Four trials involving 550 patients with Lennox–Gastaut syndrome (LGS) and Dravet syndrome (DS) were included. The pooled average difference in change in seizure frequency during the treatment period resulted 19.5 [95% confidence interval (CI) 8.1–31.0; p = 0.001] percentage points between the CBD 10 mg and placebo groups and 19.9 (95% CI 11.8–28.1; p < 0.001) percentage points between the CBD 20 mg and placebo arms, in favor of CBD. The reduction in all-types seizure frequency by at least 50% occurred in 37.2% of the patients in the CBD 20 mg group and 21.2% of the placebo-treated participants [risk ratio (RR) 1.76, 95% CI 1.07–2.88; p = 0.025]. Across the trials, drug withdrawal for any reason occurred in 11.1% and 2.6% of participants receiving CBD and placebo, respectively (RR 3.54, 95% CI 1.55–8.12; p = 0.003) [Chi squared = 2.53, degrees of freedom (df) = 3, p = 0.506; I2 = 0.0%]. The RRs to discontinue treatment were 1.45 (95% CI 0.28–7.41; p = 0.657) and 4.20 (95% CI 1.82–9.68; p = 0.001) for CBD at the doses of 10 and 20 mg/kg/day, respectively, in comparison to placebo. Treatment was discontinued due to AEs in 8.9% and 1.8% of patients in the active and control arms, respectively (RR 5.59, 95% CI 1.87–16.73; p = 0.002). The corresponding RRs for CBD at the doses of 10 and 20 mg/kg/day were 1.66 (95% CI 0.22–12.86; p = 0.626) and 6.89 (95% CI 2.28–20.80; p = 0.001). AEs occurred in 87.9% and 72.2% of patients treated with CBD and placebo (RR 1.22, 95% CI 1.11–1.33; p < 0.001). AEs significantly associated with CBD were somnolence, decreased appetite, diarrhea, and increased serum aminotransferases.

Conclusions

Adjunctive CBD in patients with LGS or DS experiencing seizures uncontrolled by concomitant anti-epileptic treatment regimens is associated with a greater reduction in seizure frequency and a higher rate of AEs than placebo.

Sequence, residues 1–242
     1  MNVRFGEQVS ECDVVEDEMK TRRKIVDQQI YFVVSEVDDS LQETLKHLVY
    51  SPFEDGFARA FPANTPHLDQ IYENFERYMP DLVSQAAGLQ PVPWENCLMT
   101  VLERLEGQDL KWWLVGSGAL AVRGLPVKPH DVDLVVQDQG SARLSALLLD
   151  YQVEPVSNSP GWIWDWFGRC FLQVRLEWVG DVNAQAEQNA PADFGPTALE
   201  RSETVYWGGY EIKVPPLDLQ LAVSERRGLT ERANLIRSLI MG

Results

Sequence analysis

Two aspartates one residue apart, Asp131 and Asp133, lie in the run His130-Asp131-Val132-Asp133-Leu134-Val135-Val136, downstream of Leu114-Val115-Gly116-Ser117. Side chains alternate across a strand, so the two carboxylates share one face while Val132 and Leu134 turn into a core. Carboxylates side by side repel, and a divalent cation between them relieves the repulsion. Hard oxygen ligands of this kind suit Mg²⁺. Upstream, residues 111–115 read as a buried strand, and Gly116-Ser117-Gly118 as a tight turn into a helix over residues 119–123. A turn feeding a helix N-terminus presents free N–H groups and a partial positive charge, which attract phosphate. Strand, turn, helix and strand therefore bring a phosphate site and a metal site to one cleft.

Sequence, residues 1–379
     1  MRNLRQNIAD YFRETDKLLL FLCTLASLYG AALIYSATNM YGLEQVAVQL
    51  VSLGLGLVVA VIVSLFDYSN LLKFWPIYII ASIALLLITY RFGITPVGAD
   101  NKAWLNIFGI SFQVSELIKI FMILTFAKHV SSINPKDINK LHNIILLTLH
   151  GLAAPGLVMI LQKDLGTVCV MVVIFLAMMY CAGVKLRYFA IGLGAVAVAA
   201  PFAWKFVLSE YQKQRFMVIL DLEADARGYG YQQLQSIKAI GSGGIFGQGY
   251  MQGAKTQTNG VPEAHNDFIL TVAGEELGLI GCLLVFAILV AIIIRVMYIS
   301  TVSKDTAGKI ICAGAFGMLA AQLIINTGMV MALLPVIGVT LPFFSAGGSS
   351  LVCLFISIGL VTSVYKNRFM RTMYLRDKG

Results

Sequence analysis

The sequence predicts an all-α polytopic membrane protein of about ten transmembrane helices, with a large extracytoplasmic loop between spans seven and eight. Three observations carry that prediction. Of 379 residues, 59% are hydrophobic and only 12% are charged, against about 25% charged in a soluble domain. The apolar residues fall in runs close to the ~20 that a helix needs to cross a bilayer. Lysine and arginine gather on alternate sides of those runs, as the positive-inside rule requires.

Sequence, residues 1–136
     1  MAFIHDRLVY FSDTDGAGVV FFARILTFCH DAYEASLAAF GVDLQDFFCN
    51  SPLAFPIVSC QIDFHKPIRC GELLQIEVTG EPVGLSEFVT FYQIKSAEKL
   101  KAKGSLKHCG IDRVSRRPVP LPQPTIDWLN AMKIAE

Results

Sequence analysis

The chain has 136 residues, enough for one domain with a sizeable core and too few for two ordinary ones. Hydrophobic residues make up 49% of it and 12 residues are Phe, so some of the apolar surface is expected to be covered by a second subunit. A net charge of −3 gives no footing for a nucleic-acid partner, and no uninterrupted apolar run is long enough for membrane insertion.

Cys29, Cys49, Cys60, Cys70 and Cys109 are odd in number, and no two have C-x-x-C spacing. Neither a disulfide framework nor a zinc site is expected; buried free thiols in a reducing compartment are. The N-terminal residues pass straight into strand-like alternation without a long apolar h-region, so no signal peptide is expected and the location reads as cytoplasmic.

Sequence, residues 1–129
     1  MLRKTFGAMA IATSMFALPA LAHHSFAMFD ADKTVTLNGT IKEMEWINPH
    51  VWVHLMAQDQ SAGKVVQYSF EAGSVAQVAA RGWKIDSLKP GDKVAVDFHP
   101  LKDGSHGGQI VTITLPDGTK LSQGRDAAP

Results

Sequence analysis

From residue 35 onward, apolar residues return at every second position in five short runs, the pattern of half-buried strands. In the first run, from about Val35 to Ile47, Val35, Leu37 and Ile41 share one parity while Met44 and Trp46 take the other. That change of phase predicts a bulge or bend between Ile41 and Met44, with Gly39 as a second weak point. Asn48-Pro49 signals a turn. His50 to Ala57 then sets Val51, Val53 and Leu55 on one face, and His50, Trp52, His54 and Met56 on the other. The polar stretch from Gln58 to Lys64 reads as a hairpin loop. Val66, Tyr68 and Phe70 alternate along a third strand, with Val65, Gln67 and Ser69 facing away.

Supplementary material

40265_2018_992_MOESM1_ESM.doc (31 kb)

Supplementary material 1 (DOC 31 kb)

References

  1. 1.
    Hirtz D, Thurman DJ, Gwinn-Hardy K, Mohamed M, Chaudhuri AR, Zalutsky R. How common are the “common” neurologic disorders? Neurology. 2007;68:326–37.CrossRefGoogle Scholar
  2. 2.
    Cagnetti C, Lattanzi S, Foschi N, Provinciali L, Silvestrini M. Seizure course during pregnancy in catamenial epilepsy. Neurology. 2014;83:339–44.CrossRefGoogle Scholar
  3. 3.
    Cockerell OC, Johnson AL, Sander JW, Hart YM, Shorvon SD. Remission of epilepsy: results from the national general practice study of epilepsy. Lancet. 1995;346:140–4.CrossRefGoogle Scholar
  4. 4.
    Lattanzi S, Zaccara G, Giovannelli F, Grillo E, Nardone R, Silvestrini M, et al. Antiepileptic mono-therapy in newly diagnosed focal epilepsy. A network meta-analysis. Acta Neurol Scand.  https://doi.org/10.1111/ane.13025 (Epub 2018 Sep 8).
  5. 5.
    Lattanzi S, Cagnetti C, Foschi N, Provinciali L, Silvestrini M. Lacosamide monotherapy for partial onset seizures. Seizure. 2015;27:71–4.CrossRefGoogle Scholar
  6. 6.
    Kwan P, Brodie MJ. Early identification of refractory epilepsy. N Engl J Med. 2000;342:314–9.CrossRefGoogle Scholar
  7. 7.